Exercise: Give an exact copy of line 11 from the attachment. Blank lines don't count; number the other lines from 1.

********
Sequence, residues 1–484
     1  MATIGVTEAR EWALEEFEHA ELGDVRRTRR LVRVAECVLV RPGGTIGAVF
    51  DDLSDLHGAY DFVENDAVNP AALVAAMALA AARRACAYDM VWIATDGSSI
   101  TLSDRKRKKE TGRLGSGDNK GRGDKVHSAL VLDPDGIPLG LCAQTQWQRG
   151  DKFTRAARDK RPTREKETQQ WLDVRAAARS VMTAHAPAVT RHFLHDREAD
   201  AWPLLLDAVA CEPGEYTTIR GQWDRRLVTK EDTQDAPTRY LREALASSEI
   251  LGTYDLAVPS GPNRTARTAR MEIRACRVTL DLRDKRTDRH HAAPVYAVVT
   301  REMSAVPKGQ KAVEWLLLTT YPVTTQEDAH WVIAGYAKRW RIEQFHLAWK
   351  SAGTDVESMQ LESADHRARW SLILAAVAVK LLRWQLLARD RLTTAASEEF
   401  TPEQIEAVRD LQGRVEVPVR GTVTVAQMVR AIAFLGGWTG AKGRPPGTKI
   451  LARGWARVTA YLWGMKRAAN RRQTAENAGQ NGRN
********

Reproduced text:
   451  LARGWARVTA YLWGMKRAAN RRQTAENAGQ NGRN